c. Graphics Cards - Unless you need to play the latest & greatest 3D games with everything turned on, getting a Nvidia or ATI chipset graphics card with a 1-2 generation old chipset that is a rung or two below the top of the line chipset would be more than enough to play games. You typically do not need a accelerated 3D graphics card for most CAD & 3D animation work. For trading, you will need a graphics card only to run multi monitor setup or to drive high resolution LCD monitors. So if your primary purpose of the system is for trading, get a cheap ATI or Nvidia chipset graphics card that has 2 - 3 monitor ports. Typically 2 of these ports will be DVI & 1 will be HDMI. Do not get a graphics card that has VGA out if you are getting a new system + monitor. LCD monitors should be driven using DVI or HDMI cables.

d. HDD - I would recommend getting 2 disk drives. One SSD for boot & Apps (C and 1 regular 3.5" SATA HDD for data and media. For SSD, I would recommend getting a 80GB or larger Intel X-25M G3. For hard disk, get the biggest one that you need. I would recommend sticking to Seagate for hard disks. Other brands are good, but in general Seagate does a great job with the regular SATA disks.

e. Cabinet - Get a decent quality cabinet that has a clean interior design and which can fit all the components you require. Almost any well constructed cabinet will do the job here.

f. Power Supply - Get a good quality power supply. Ask your vendor to suggest a power supply that will work with the list of components that you have choosen. Also try and get one which has good efficiency when used below rated power. These days you get branded power supplies in India w/o a lot of issues. Do a google search for the power supply model that you intend to buy and read reviews of the model in an "International" site before you make the purchase. Do not go by reviews on Indian sites. Do not skimp on the power supply or its rating. A large number of problems related to assembled computers can be traced to a poor quality power supply. A bad power supply can cause hard disk failures and data loss.

g. Monitors - For use in Trading, you would want to have 2 or more monitors with high resolution screens. A good option is to get the Full HD 21.5" LED monitors with DVI inputs. Both LG & Samsung have models in the < 10k range. Remember to get a monitor with a DVI or a HDMI cable input. You do not want to run a LCD monitor with a VGA cable. If you need more than 1920x1080 resolution, then prices start going up real fast and you will require a dual link DVI connector on your graphics card to connect those monitors. Most mid end and higher graphics cards have dual link dvi connectors. Just make sure that your monitor & graphics cards have compatible connectors.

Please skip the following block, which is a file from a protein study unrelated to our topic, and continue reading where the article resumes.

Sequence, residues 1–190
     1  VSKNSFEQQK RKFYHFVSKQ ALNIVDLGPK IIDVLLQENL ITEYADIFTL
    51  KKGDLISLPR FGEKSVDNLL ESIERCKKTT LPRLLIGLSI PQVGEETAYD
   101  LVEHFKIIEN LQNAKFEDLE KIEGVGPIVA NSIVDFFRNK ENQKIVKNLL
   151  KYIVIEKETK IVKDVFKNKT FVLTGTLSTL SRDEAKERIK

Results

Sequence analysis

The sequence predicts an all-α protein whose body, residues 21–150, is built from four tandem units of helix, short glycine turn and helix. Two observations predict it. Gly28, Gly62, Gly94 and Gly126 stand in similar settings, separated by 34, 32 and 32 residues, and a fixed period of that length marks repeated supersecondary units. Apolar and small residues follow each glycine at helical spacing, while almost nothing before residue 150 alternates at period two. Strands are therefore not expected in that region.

h. Optical Drive - A DVD burner is dirt cheap these days. Get the cheap LG or Liteon model. I do not have much idea of BD-RW & BD-ROM drives.

i. Keyboard - If you want a good quality keyboard that lasts long, then get a TVSE Gold Keyboard with cherry keys. These can withstand considerable ammount of abuse and still stay functional. If you depend on your keyboard to enter orders fast and accurately, then spend some cash on one of these keyboards. Also always keep a spare USB keyboard around for the time when your primary keyboard goes down. For trading I would not recommend Wireless keyboards and mice w/o a wired backup. RF interference is a common problem with wireless keyboards & mice and they can start acting funny at times. Best to keep a usb keyboard close by so that in case your wireless ones cause problem, you can just connect the wired one and continue working. If you do not want to spend a whole lot of money on a TVSE Gold keyboard, then Logitech keyboards are a good option. Avoid Microsoft Keyboards in India. All microsoft keyboards I have used in India have been of very poor quality and most of them last less than the Rs.100 keyboards available in Nehru Place these days.